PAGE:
TL;DR — Pricing models for stuff — especially on the web — are flawed. The Open Source model is flawed, as are premium price products and services such as CodeCanyon. The Pay-What-You-Want model is awesome.
I’m going to let you in on a little secret. People don’t like paying for stuff. As humans, we love stuff. We can’t get enough of it. We need more stuff every day, and as soon as we have that stuff, we want some other stuff to replace it. Stuff 2.0. The Stuff 3GS, 4 and 4S. McStuff deluxe. You get the point.
But people like stuff that’s free the most. We have those who will spend years collecting coupons for their supermarkets just to save 10 pounds on a holiday; people who download music, films and software illegally. Why spend your hard earned cash on something you can get for free?
On the other side of the bench are the stand-up members of our community, who pay their bills on time, purchase 10 copies of Adobe Creative Suite, feed homeless indie developers and fund the maximum amount possible to projects on Kickstarter. God bless them all. When it comes to software, pricing is a sticky situation; in particular, pricing for the web is a sticky situation.
The Open Source model is flawed
Let’s get one thing straight from the start — in my opinion, while the idea behind it is brilliant, the Open Source model is flawed. Let’s take Android as a well known and popular example. When the Android mobile Operating System was announced, the world let out a giddy scream of excitement — finally, the world would see a competitor fit to challenge Apple’s highly popular iPhone. I was even excited — at the time, I couldn’t afford an iPhone, and the idea of a cheap step into the smartphone world was an exciting one.
And then came the hardware manufacturers. Names such as Samsung, HTC and Acer came poking around Google’s brain with their sticky fingers. They took what they liked, and threw away what they didn’t. They shipped millions of phones loaded with proprietary bloatware, with multiple screen dimensions and hardware configurations. Of course, this fragmentation of the Android OS doesn’t stop them selling like hotcakes — but I’ve always held the opinion that anyone buying an Android device is settling for it. They want an iPhone or an iPad, and an Android device is “as good as”.
And then there’s the software itself. Open Source as an idea is great — I’m all for community development. A lot of the time it can be a very good thing. However, opening up an entire Operating System leads to thousands of developers all thrusting their code into multiple distributions and applications of the same nature, blindly submitting unapproved applications to the Marketplace and thoroughly degrading the (probably) great user interface Google had intended for the OS. (Feel free to go through this and replace ‘Google’ and ‘Android’ with ‘Ubuntu’ or ‘Firefox’ — it’s all the same)
But it’s all Apples and Androids — Droid users will no doubt argue that Apple’s ruthless application approval process is it’s downfall, whereas fanboys would say it’s their selling point. The victor in this argument is still unknown.
So pay for stuff?
Yeah. Sort of. Giving developers your money is a little bit like saying “Great job dude! Here’s a coffee!” It’s a nice motivational tool. It’s also directly supporting the continued development of a potentially mind-blowingly awesome product.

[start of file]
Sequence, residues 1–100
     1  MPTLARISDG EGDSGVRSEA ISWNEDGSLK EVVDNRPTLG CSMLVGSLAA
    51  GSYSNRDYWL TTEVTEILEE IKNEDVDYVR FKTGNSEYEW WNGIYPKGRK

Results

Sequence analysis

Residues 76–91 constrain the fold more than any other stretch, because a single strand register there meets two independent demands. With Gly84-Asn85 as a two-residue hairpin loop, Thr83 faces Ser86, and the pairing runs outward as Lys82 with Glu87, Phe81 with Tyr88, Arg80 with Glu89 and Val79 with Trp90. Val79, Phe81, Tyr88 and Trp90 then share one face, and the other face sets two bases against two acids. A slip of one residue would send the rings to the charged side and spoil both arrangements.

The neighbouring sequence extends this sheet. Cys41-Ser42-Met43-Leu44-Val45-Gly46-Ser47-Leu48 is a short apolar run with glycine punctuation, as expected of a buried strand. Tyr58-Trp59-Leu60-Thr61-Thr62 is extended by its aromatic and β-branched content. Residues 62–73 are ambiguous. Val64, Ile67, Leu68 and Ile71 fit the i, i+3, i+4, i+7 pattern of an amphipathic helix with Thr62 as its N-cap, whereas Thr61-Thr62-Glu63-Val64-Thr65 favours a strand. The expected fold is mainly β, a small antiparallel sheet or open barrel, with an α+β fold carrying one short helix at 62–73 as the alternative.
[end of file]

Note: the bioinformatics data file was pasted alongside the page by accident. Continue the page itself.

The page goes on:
But then again, we’d be buying Adobe 1,000 cups of Americano every time a copy of Photoshop is sold. And Photoshop is certainly not a mind-blowingly awesome product — it’s filled with flaws. (On a related note, it astounds me there’s nothing close to Photoshop) There are a lot of products that take their premium a little too seriously. They don’t need any more coffee — they’re rolling in it.
The answer to this predicament has recently become a little more popular — the pay-what-you-want model.
To me, this model is perfect. You make awesome stuff, and you let people download it for free. But then if they really like it, they can give you some money. It could be a dollar. It could be a hundred dollars. It could be a thousand dollars and their aunt’s favorite pack of cards. Leaving the price tag down to the customer means they can be as generous as they want, which is great.
Obviously, there are some exceptions. Let’s say you’ve made a jQuery plugin that instantly makes your website super cool. You give it away for free and encourage people to pay what they want. A few months later, your plugin is getting a million hits a month and your servers are struggling. At this point, you’re probably thinking you wish you’d charged a minimum of just one dollar. It’s a very tough call to make.
What's your point?
I’m not too sure any more, to be perfectly honest. I came to my blog with the aim of writing down some processed thoughts on a recent event involving my own Animate.css, but it’s turned into more of an insight into my own thoughts on the entire pricing process. I haven’t written anything as concise or helpful as Jessica Hische, but it might be interesting to some.
To sum up, I don’t like the idea of charging for the things I make. Obviously, for websites and full-on projects, I need to charge something to pay my bills and feed my mouth — but the things I make for myself, things I find useful and things I made to do really cool stuff on the web — they’re always going to be free. It’s why Brills is free. It’s why (for the time being, at least) Owlr is free. And it’s why Animate.css is and always will be free.
I get a huge sense of fulfillment making these things for free — it’s wonderful to see it being put to use, getting emails from kind strangers, and getting help from some of my long-admired peers. I guess that’s one of the reasons the Open Source community keeps on going. No matter how many developers spoil their Android broth, Google have made something great — for free.